A recent disappointment inspired me to reflect on the nature of invitation and welcome. I had planned an event, inviting several people over Facebook and by email. The hurt came not from the low attendance, but that so few people chose to respond to my invitation. In the modern day response to an invitation does not require a phone call or a written acknowledgement of the event--only a few seconds to click 'yes', 'no', or 'maybe'. Of the hundred or so people I selected to share the celebration, only about a dozen invested a few seconds to acknowledge the occasion. If you send me an invitation to an event, you can expect a reply from me. I know how hurtful it is to select the people with whom you want to commune, and find that they will not invest even a few seconds to acknowledge your invitation. Community does not happen by accident and support does not thrive in a vacuum.
On a recent Sunday, the scripture reading was on the parable of the wedding banquet. Part of what I took from the meditation on Luke 14:7-14 was the reminder that invitation should not necessarily involve strategy, inviting the "the right people". Although we should humbly remember not to expect our appeals to be reciprocated, we might expect better than to see them ignored.
In our culture people often refer to their efforts to 'forge relationship' by building community for mutual and expansive benefit. Some surely well-meaning folks 'force relationship' for their own benefit, likely overlooking Jesus' revised seating chart. This leaves others to 'forage relationship' with those who will move beyond tolerance to acceptance. Those exhausted by these efforts may choose to 'forgo relationship', withdrawing from people and faith.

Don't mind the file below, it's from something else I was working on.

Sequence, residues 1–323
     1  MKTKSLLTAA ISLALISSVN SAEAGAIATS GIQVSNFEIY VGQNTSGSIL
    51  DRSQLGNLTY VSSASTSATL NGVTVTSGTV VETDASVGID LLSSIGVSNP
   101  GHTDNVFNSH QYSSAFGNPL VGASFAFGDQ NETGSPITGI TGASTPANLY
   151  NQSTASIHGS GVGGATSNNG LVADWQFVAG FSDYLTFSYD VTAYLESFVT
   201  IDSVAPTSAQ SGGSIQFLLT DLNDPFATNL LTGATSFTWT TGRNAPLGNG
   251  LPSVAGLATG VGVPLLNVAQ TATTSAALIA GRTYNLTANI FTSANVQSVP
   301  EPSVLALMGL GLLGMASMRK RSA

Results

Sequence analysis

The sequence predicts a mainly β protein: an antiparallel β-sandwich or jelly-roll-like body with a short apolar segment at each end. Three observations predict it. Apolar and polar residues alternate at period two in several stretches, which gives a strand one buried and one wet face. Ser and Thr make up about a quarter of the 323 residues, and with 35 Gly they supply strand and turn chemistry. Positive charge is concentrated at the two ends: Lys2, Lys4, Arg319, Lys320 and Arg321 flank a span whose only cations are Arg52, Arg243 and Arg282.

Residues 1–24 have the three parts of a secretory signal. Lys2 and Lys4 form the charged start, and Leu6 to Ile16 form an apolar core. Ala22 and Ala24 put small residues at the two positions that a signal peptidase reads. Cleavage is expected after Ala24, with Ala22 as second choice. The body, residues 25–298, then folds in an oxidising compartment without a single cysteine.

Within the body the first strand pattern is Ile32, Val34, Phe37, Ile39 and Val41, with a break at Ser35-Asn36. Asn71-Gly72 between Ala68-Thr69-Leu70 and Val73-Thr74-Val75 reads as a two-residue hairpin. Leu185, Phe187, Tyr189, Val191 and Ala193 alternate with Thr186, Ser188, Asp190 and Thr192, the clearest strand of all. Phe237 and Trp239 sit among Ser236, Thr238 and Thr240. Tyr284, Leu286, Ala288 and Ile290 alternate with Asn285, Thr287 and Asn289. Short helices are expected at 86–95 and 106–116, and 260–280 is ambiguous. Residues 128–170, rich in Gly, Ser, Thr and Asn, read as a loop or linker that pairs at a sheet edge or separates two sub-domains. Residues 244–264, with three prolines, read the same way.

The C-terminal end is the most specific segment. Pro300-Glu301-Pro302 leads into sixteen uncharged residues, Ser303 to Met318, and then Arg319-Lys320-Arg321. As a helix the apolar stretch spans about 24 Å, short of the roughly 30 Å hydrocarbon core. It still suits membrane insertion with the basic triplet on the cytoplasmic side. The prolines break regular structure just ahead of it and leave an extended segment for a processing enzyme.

The experience we share as members and friends at Saint Andrew reflects readily open invitation, illustrated most conspicuously through the invitation extended every week to the table. One beloved member of Saint Andrew has shared that the word which came to his mind the first time he set foot in our sanctuary was "welcome". The peaceful yet dynamic spirit of this congregation redeems us from often forced relationship. The spirit of welcome fortifies foraged relationship. The spirit of lasting hope has retrieved some for whom disillusionment caused them to forgo relationship. Only when we *forge* relationship can we truly Seek God, Create Community, and Practice Justice.
The open invitation to participate in the dynamic event of your life, the lives of others, and the life of Saint Andrew Christian Church has arrived in your inbox. Please respond. Send no regrets. It will be worth your time to click 'yes'.
David Whitner sent his RSVP to join Saint Andrew in 2001.